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described when he talked about mixing -- nixon having spawned a cancer on the presidency. in this case, there may have been a cancer in our politics, o ne of whose symptoms was the enormous division that led to an electoral college winner who was 3 million votes behind in the election and was guilty of so much disrespect and disgusting commentary about his opponents -- making fun of disabled people, essentially showing more disrespect than what the caller is describing -- that was all generated by an underlying disease that i do not think will cure itself unless we work from the ground up, with politically engaged people. that is why i am so encouraged by the various popular movements movement, the
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parkland kids trying to register voters, talk to one another with some degree of respect. i think that is how we can get our democracy back. host: barbara is back, democrats line, with laurence tribe joining us from boston. good morning. caller: hi, steve. good morning, professor tribe. of your tvor all appearances, particularly this one that is so articulate and meaningful to me. guest: thank you. you're welcome. i encourage you to make as many media appearances as you can, like this one. i want to talk about what you do in particular that works for me. it is a combination of recounting history so accurately and in depth. much of the commercial media decries going into the weeds, but that is what we have c-span for. you make distinctions where
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people are unaware -- where people without your in-depth understanding of the law are not aware of. making these distinctions is incredibly important. it has been said over and over that this presidency is an mri, a stress test on our entire system. god knows that is true. is anam a person who optimist, so i am projecting forward to the end of this presidency and how this drama plays out. and how this process we are going through will place itself on the shelf with the other presidents you spoke about, johnson and clinton. -- there are-old people who did not even experience clinton, much in the -- much less nixon. your articulation and ability to bring forward these important presidents and line them up and
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show how the system really works is phenomenal. mr. giulianitering -- they are your opponents in the legal round. guest: thank you. of commentsa couple about that. first of all, i appreciate what you have said. as eager to be on tv as these other guys are, but i am doing what i am, at least while my book is still out there. especially if you are interested in learning about this stuff in depth in a way that involves an enjoyable read, i hope you get all of your friends to buy the book. it is available, you know, in every format. audio, hardcopy, eventually paperback. that said, one of the ways that in how to make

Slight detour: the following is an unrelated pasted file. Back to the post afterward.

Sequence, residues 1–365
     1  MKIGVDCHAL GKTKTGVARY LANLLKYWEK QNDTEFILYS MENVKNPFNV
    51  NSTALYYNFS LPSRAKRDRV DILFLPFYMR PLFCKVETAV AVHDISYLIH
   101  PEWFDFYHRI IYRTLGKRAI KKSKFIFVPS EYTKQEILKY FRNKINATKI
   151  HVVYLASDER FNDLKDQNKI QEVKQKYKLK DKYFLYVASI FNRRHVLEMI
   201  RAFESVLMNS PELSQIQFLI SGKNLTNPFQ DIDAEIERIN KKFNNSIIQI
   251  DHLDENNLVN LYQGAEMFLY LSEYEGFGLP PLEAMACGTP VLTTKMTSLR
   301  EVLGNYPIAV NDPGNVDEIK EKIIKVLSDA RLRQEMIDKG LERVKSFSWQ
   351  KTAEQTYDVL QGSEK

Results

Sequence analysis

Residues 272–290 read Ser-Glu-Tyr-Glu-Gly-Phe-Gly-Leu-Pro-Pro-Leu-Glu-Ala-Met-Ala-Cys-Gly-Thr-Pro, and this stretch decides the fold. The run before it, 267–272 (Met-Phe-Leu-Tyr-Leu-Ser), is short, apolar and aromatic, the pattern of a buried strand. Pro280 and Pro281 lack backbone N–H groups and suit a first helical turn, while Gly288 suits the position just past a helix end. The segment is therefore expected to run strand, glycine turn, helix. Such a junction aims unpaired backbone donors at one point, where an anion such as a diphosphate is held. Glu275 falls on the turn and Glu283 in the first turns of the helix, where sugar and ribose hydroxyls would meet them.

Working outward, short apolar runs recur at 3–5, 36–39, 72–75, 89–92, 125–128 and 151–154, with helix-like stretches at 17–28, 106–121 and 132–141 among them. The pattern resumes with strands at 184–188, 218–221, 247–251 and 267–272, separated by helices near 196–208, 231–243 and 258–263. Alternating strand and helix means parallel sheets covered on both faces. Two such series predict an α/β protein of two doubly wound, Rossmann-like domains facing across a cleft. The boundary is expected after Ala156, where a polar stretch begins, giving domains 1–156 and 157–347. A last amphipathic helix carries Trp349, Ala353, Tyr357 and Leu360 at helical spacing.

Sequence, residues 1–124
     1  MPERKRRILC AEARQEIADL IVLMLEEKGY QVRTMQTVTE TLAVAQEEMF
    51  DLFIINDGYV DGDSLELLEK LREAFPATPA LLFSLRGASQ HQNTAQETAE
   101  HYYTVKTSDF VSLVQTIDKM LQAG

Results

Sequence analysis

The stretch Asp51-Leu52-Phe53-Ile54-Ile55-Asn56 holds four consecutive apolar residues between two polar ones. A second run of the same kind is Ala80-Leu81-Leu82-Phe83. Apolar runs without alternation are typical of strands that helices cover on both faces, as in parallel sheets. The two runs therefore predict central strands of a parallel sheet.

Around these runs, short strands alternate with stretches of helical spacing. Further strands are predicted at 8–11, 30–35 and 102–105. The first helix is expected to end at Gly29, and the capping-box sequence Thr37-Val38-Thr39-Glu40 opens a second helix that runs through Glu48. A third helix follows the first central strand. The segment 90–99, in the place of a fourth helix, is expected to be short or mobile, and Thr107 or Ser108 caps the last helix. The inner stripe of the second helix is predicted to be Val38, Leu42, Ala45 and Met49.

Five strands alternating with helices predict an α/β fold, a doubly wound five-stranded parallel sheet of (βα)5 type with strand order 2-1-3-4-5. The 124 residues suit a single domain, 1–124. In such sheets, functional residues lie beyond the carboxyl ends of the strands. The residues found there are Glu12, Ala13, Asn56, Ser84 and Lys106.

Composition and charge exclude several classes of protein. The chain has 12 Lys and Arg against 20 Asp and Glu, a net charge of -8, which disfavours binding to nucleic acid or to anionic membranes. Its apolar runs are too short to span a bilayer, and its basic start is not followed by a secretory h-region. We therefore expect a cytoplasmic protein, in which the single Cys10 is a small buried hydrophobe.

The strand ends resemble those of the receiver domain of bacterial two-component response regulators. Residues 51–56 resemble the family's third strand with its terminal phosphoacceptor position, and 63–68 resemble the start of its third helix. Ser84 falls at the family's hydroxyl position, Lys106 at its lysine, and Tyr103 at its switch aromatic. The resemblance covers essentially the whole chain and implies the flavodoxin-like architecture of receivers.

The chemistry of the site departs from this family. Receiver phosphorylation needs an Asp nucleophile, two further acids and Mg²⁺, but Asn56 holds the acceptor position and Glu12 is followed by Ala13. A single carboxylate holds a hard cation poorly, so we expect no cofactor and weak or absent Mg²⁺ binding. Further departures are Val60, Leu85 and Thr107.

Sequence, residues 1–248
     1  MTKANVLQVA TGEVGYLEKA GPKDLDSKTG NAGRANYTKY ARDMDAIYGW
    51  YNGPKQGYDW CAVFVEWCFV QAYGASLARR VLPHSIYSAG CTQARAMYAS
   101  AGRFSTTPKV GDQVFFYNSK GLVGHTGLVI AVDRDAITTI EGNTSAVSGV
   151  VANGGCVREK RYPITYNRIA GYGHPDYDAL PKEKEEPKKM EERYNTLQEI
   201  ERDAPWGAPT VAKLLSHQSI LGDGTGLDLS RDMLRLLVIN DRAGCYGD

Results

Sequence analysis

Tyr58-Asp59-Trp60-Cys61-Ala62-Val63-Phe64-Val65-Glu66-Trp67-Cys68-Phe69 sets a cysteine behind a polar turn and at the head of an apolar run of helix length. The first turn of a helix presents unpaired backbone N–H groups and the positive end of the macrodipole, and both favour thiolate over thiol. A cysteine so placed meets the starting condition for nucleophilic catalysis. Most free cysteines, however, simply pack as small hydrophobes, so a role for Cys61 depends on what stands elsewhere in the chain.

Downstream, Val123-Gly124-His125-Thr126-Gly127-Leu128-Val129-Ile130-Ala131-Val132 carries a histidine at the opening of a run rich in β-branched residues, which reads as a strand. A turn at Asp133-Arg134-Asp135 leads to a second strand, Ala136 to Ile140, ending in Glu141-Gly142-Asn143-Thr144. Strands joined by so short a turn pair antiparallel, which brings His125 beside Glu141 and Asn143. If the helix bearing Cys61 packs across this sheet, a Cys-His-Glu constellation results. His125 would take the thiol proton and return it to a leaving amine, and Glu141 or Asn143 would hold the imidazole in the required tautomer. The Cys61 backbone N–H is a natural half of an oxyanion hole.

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this stuff clear and do it in depth without using too much legalese or making it too boring is by remaining a teacher. i love teaching these kids -- i call them kids. they are in their 20's. that i love remaining inactive harvard law professor, both teaching undergraduates and advanced law students. they really hold your feet to the fire. you cannot get away with too much b.s. when you are teaching critical minds. they do not know exactly what stuff.ink about all this trying to make things clear to them and learning from them is what makes it such a privilege to be a professor. and i have had amazing students. over the years. the chief justice roberts, president obama, lots of people i have learned from. host: what was the chief justice
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like as a student? guest: he was very thoughtful, respectful, precise, brilliant, analytical. i did not get to know him as much as i got to know elena kagan and barack obama, because they did a huge amount of research with me and worked closely with me. john roberts was a face in the crowd. i got to know him a little, but not terribly well. but he was a wonderful student. all three of them were. host: does it surprise you that john roberts is chief justice, is onkagan -- elena kagan the supreme court, and barack obama became president? guest: i would love to say i predicted it. but no, they had unlimited potential. in retrospect, i am not surprised where they ended up. i am pleased, in all three cases. in the long run, they will have done great service to the country and the law. host: richard joins us on the republican line, louisville, kentucky.